Boating Atlantic 2020

Electric Shock Drowning

By Andy Adams

ESD stands for Electric Shock Drowning and around yacht clubs, marinas and any place where electricity is close to the water, there can be danger.

Especially in facilities where larger boats can plug into shore power, wiring problems on a boat that’s connected, can result in stray current leaking into the water. A previously safe boat, can develop a problem after a run without giving the operator any warning.

With Canada Day tomorrow, Wednesday, July 1st, this is an especially important message to share with your boat owner customers and their families. We have heard many stories about families cancelling or delaying their plans to vacation down south in the winter, or to travel by air to more distant destinations, in response to COVID-19.

Many more Canadians will stay at home this summer and will still observe the social distancing rules, but on a really hot summer day, we have to expect that people, (perhaps more people than usual) will take the plunge into the cool water where they might not have done in the past. We are all looking for some fun and to blow off some steam.

Sadly, each year some people are injured or killed from electric shock drowning. Electric shock drowning happens when marina, or onboard electrical systems leak electric current into the water. The current then passes through the swimmer’s body and causes paralysis. When this happens, the person can no longer swim and ultimately drowns.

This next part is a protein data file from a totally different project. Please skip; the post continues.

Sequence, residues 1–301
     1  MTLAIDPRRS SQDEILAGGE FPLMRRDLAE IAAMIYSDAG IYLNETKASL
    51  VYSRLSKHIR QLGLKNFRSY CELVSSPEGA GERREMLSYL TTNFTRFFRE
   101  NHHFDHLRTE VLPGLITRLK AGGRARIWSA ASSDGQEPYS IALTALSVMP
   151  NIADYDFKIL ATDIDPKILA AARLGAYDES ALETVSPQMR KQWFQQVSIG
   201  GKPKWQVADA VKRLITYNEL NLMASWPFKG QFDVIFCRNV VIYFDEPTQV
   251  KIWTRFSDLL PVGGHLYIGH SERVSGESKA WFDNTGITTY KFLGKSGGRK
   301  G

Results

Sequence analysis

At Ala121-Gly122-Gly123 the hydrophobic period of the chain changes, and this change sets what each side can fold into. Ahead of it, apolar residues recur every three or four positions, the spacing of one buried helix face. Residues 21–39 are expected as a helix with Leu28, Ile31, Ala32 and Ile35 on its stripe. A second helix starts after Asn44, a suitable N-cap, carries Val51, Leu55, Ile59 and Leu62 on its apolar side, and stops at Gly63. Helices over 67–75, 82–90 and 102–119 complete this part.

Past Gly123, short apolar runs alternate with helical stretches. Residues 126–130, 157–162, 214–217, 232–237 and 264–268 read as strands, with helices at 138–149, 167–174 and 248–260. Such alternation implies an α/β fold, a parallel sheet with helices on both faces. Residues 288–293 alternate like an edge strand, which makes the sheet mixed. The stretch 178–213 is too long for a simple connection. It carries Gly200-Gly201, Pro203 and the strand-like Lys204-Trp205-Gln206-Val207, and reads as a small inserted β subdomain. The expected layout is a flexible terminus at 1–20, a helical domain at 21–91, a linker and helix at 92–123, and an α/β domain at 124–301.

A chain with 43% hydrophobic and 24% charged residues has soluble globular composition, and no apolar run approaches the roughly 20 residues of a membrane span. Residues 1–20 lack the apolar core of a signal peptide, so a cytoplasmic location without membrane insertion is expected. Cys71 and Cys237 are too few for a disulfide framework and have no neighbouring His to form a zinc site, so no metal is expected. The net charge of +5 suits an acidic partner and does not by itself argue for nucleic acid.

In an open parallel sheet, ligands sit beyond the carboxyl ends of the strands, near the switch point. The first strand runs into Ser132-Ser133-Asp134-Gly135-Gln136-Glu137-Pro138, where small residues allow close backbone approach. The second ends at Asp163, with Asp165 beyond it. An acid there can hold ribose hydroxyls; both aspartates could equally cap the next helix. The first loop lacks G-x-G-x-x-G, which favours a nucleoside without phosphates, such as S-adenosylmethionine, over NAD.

Compounding these tragedies, it’s not uncommon for an onlooker to see the person in the water struggling, so they dive in to help and become victims themselves.

These deaths are commonly reported as drownings, not electrocution, and I suspect that contributes to the low public awareness of this serious problem.

The National Fire Prevention Association in the United States released the following valuable tips for marina operators and boat owners. Share these as widely as you can this summer and be sure to post proper signage in any club or marina dock area saying that swimming is prohibited.

  • When heading out for a day on the water, follow all existing navigation and safety rules. Practice good seamanship and avoid becoming a boater in distress. With the current pandemic, there may be fewer staff at the marina and fewer rescue personnel available to come to your aid.
  • Avoid entering the water when launching or loading a boat. These areas can contain stray electrical currents in the water.
  • Each year, and after any major storm that affects the boat, have the boat’s electrical system inspected by a qualified marine electrician to be sure it meets the required codes of your area, including the American Boat & Yacht Council. Make the necessary repairs if recommended.
  • Check with the marina owner who can also tell you if the marina’s electrical system has recently been inspected to meet the required codes.
  • Have ground fault circuit protection (GFCI and GFPE) installed on circuits supplying the boat; use only portable GFCIs or shore power cords (including “Y” adapters) that bear the proper listing mark for marine applications when using electricity near water. Test GFCIs monthly.